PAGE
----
The cost of corruption – looking into the ethics committee report on the WE deal

Trudeaus' at a WE event

Sophie Gregoire Trudeau and Prime Minister Justin Trudeau at WE Day event in 2017. Photo credit: The Canadian Press/Adrian Wyld

In an ideal world, Canadian members of parliament would be the most ethical, transparent, and accountable citizens, right? However, we don’t reside in an ideal world and lack of trust in politicians and political institutions continues to plummet. Scandal on top of scandal, Canadians are tired of seeing parliamentarians cut moral corners.

A recent note-worthy scandal from this government is the WE Charity – or should I say WE Foundation – debacle. The WE scandal has bedevilled both the Liberal government and the organization itself since last summer. The root of the scandal stems from the federal government awarding a contract to the WE Charity to administer a Canada Student Summer Grant Program worth $912 million.

The controversy unveiled itself when it was revealed that the WE Charity had close ties to the Trudeau family and had previously paid numerous members of the family to speak at their events. Margaret Trudeau – Justin Trudeau’s mother – was paid $250,000 for speaking at 28 WE events over four years, and Trudeau’s brother was paid $32,000 for speaking at eight events. The ties between the Trudeau family and the WE Charity have only strengthened with the realization that the WE Charity paid Sophie Gregoire Trudeau – the PM’s wife – over $24,000 in expenses for eight appearances at their events.

With this knowledge, it now appears that the selection of WE to administer the near-billion-dollar grant program could be perceived as nefarious and corrupt. The prime minister did not recuse himself from Cabinet discussions related to selecting WE for the contract – which placed him in a potential conflict of interest.

After months of the opposition parties pushing for more transparency into the matter, the federal ethics watchdog let Prime Minister Justin Trudeau off the hook. However, the House of Commons ethics committee devoted months to investigating the controversy and issued a report which castigated the Liberals’ handling of the WE affair. The report also issued numerous recommendations and reforms to strengthen accountability and prevent conflicts of interest.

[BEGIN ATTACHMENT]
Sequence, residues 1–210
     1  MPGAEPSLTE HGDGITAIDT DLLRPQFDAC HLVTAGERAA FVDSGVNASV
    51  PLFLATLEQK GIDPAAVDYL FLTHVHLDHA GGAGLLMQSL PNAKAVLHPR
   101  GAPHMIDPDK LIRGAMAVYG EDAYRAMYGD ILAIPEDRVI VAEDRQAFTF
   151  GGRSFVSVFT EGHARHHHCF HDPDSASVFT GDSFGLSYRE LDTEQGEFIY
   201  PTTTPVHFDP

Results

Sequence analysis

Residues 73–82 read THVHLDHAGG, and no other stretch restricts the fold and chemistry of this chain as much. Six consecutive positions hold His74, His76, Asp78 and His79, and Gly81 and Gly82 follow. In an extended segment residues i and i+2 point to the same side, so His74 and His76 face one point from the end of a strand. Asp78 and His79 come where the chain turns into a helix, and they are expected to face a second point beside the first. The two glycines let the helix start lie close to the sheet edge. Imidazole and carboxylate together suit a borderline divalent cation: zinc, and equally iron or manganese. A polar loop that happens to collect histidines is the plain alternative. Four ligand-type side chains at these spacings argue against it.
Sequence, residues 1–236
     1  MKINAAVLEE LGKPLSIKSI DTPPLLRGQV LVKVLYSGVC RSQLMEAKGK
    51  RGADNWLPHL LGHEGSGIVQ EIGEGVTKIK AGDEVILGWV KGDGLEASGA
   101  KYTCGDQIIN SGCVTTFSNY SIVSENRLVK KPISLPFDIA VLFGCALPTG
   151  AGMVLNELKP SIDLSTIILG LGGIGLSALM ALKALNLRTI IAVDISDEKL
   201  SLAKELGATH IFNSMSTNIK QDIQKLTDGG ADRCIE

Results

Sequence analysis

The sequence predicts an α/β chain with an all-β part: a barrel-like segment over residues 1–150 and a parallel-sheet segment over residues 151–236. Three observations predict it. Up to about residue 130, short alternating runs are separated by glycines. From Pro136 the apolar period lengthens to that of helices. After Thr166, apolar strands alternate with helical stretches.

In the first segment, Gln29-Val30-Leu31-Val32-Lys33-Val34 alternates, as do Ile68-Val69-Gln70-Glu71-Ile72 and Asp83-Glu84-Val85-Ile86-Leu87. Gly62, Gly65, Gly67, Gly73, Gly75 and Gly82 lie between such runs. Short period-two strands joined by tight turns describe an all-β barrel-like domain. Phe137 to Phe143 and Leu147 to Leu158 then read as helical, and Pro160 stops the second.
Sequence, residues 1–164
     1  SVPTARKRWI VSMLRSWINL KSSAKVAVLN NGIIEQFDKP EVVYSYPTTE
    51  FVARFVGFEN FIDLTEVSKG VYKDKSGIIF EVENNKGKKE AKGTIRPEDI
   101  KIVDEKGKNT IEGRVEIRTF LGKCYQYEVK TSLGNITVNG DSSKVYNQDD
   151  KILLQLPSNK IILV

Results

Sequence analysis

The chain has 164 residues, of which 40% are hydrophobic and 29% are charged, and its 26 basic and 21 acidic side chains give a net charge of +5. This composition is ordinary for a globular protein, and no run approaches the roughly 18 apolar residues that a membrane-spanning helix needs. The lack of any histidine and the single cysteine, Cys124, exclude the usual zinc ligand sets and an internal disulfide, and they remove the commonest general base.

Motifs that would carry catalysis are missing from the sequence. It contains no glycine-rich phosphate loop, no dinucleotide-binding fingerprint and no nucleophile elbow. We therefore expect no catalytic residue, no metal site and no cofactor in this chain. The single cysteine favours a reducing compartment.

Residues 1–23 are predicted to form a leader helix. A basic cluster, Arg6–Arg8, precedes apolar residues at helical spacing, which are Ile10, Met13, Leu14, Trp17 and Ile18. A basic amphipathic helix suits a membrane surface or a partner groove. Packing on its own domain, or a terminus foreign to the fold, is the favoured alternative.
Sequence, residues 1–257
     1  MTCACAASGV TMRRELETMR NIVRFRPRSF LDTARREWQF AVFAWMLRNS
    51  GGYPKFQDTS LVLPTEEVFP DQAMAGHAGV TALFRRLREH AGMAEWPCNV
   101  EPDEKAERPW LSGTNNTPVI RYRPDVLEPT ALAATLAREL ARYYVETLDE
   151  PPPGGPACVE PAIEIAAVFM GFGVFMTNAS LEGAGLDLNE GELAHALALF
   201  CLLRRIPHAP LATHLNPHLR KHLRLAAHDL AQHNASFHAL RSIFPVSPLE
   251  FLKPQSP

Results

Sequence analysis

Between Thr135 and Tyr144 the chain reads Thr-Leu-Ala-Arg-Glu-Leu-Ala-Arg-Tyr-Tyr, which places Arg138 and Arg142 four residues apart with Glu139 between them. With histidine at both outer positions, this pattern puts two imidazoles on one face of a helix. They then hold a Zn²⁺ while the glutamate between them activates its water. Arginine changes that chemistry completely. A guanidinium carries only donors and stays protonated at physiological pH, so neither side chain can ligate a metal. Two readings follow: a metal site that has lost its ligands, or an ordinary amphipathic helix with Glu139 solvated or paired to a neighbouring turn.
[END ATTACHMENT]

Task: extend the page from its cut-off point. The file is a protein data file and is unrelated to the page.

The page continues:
The committee found that “there was an extraordinary level of insider access afforded to the Kielburger brothers (founders of the charity)” and they were also “deeply concerned” that the co-founder of WE was able to lobby the finance minister directly. It was also brought to their attention that the government did not do its due diligence and that it was ready to sign a deal with a shell company.

So, where’s the punishment? The average Canadian voter wonders: can the government pick and choose who to award contracts to solely based on nepotism without considering alternative options? Who do we hold responsible for such nefarious and corrupt actions?

So far, no one. Despite the opposition’s ongoing fight for transparency and numerous attempts for clarification, Trudeau has been getting off untouched. Many argue that the penalties associated with breaching the Conflict of Interest Act aren’t punitive enough. According to Section 52 of the legislation, Every public office holder who contravenes one of the following provisions commits a violation and is liable to an administrative monetary penalty not exceeding $500. Seems like a low-price tag for the cost of corruption.

The ethics committee report included a recommendation that the government consider making conflict of interest screening mandatory for all cabinet decisions to award a contract. Additionally, the report called for measures to increase oversight for government contracts including a mandatory competitive process for projects predetermined threshold and mandatory due diligence reports for government contracts. This is based on the report’s finding that the government didn’t adequately look into the WE Charity.

Finally, the report called for changes to the Lobbying Act, to strengthen rules about who has to register to lobby while providing the lobbying commissioner with more investigative powers.

Conservative MP Michael Barrett said, “the report shines the light on Liberal corruption, and it shows a clear path for us to clean up the mess and end the abuses by insiders.”

NDP MP Charlie Angus shared this sentiment and added, “this report is about what happens when friends of the government, Liberal insiders, get access where they shouldn’t have access.”

We’ve caught this government with their hand in the cookie jar one too many times. Will the numerous recent scandals act as a catalyst to modernize the Conflict of Interest Act and the Lobbying Act? Canada has not seen such stringent suggestions in a very long time. Every government vows to be the one that strengthens acts related to accountability, ethics, and transparency, however, when push comes to shove, it is a lot easier for the government in power to make promises than to make the change.


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